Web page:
Gaiman, Neil. The Graveyard Book.
Is it the best thing Gaiman has ever written? I think so, and seeing how much I worship him, that's saying a lot!

Kluger, Steve. My Most Excellent Year: A Novel of Love, Mary Poppins, and Fenway Park.
I love the balance, the humor, the voices, the musical theatre and baseball references. This was my feel good book of the year.

Lanagan, Margo. Tender Morsels.
Oh, wait. THIS is the book that exceeded my expectations the most this year. No one puts sentences together better than Lanagan. Astonishing in every way.

Lecesne, James. Absolute Brightness.
Crystalline characterizations crafted from stereotypes come to life, and didactic to boot! How could this book possibly work with so much against it? Because the writing transcends the cliche at every turn and the power of the storytelling cannot be denied.

Link, Kelly. Pretty Monsters.
Gorgeous writing. I had seen a few of these stories before, but in this one volume they make the most formidable collection of the year.

Meldrum, Christina. Madapple.
Plot stunningly wrought, point of view narrow and naive befitting the character, and a story that has an unreliable narrator so unclear on the details outside her sheltered experience that the reader buys into her confusion. Plus all the herbs and plants and the religion stuff, tightly woven into the story. Printz!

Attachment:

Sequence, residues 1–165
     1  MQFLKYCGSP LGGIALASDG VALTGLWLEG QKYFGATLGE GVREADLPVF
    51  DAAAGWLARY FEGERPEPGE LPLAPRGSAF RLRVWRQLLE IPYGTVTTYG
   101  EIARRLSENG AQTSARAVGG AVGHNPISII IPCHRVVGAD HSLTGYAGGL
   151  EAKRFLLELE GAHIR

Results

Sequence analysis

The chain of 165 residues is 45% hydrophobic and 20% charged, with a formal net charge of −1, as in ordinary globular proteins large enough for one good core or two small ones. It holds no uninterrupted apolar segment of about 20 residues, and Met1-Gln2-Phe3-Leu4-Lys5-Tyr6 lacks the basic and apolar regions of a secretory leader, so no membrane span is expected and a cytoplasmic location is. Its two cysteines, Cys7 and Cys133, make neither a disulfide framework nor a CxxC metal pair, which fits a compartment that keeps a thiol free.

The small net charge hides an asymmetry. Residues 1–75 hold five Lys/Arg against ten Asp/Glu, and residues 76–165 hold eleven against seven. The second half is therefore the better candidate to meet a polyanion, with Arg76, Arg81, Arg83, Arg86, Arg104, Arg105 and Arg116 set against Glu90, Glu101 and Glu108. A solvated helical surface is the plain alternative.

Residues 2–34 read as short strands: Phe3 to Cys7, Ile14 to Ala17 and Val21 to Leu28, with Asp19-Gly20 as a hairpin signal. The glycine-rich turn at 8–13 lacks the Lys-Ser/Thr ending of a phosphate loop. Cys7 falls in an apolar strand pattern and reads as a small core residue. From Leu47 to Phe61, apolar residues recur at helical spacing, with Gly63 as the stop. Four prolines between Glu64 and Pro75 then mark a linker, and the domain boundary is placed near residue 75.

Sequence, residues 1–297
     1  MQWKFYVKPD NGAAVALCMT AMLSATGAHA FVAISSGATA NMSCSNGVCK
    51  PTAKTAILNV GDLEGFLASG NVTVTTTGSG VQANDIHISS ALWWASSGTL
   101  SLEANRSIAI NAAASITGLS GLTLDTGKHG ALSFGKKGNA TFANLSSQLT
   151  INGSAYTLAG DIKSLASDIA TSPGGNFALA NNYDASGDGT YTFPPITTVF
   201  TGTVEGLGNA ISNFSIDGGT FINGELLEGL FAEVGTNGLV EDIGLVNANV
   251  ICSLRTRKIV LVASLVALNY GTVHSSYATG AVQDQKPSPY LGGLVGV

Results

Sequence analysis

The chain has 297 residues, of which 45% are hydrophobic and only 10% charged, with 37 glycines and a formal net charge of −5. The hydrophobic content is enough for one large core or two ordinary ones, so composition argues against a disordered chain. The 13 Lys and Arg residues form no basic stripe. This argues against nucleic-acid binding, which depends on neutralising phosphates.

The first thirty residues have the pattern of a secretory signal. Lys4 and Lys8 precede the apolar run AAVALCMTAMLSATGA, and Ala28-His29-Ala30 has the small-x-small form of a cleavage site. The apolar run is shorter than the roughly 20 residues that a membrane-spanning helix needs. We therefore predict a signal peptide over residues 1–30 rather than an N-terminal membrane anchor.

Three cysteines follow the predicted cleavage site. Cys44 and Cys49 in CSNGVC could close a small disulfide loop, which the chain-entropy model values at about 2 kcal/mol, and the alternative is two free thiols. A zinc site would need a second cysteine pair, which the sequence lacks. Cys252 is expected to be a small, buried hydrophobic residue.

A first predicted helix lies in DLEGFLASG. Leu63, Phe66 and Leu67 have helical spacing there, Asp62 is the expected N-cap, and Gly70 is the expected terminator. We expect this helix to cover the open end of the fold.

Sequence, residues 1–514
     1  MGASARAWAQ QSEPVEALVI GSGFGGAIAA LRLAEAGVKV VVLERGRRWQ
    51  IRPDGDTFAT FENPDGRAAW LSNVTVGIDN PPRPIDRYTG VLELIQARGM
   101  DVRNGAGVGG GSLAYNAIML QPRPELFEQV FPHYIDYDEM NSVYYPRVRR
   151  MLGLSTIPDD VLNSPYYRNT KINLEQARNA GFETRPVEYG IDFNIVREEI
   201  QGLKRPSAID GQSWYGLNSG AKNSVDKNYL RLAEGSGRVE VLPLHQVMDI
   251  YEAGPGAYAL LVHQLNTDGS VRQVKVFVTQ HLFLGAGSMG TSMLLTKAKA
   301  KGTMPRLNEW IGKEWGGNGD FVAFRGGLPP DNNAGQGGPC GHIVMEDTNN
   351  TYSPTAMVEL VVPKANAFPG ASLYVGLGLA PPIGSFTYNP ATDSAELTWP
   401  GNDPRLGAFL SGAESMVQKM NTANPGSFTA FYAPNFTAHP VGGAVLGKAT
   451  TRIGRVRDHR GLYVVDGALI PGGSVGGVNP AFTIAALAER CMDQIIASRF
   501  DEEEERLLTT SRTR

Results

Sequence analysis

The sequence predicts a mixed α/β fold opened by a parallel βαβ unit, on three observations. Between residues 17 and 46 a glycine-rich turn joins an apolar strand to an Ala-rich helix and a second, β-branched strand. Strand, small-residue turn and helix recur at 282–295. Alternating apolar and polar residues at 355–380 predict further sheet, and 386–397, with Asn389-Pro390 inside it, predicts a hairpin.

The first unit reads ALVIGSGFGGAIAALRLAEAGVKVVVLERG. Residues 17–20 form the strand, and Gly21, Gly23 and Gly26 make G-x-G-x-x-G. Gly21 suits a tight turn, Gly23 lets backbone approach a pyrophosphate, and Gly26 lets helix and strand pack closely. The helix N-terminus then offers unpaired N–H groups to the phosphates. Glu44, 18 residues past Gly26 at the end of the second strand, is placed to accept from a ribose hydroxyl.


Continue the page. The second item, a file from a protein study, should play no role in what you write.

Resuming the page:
Pratchett, Terry. Nation.
Best world building of the year with characters I had the hardest time letting go of. Maybe it is the whimsy that has kept me from loving Pratchett as much as everyone else all these years?

Wilson, Martin. What They Always Tell Us.
Irresistible elements to me (brothers, coming of age, small towns, the tension between friendship and sexuality) and some fine, fine writing make this the book that touched my heart more than any other this year.

NONFICTION

Fleming, Candace. The Lincolns: A Scrapbook Look at Abraham and Mary.
In a slew of Lincoln books, this stands head and shoulders above the pack. Fleming has perfected the device she started with Franklin and made a marriage of information, layout, and the writer's craft that shouts "Read me!"

Kuklin, Susan. No Choirboy: Murder, Violence, and Teenagers on Death Row.
Unflinching honesty and painful truths are skillfully portrayed in this collection of voices of the silenced and forgotten.

Nelson, Scott Reynolds. Ain't Nothing But a Man: My Quest to Find the Real John Henry.
Storytellers are historians. Historians are storytellers. This adaptation of an adult book is considerably rewritten and is better than its adult counterpart.

BUT WAIT!! One graphic novel stands out to me this year, so I have to mention it.

Powell, Nate. Swallow Me Whole.
The most brilliant graphic novel depiction of a teenager since Blankets. The fact that this is a teen with mental illness and that we are taken inside this perspective makes the book all the more powerful.

Cindy Dobrez and Lynn Rutan said...

Wal--
Thanks for posting! I agree! And, I met Kluger last summer and was so excited to get an autographed copy of MY MOST EXCELLENT YEAR for our high school theater director who had already read it and has been bugging me to do so all year (he traded me his unautographed copy). He rereads Kluger's books any time he needs a pick me up. Unfortunately this one is still sitting on my nightstand, but I promise to read it during spring training! I hadn't heard of the Powell GN, thanks for the heads up.--Cin

notjazz said...

Yes! Some love for THe SPECTACULAR NOW. You are brilliant for recognizing this work.

Gail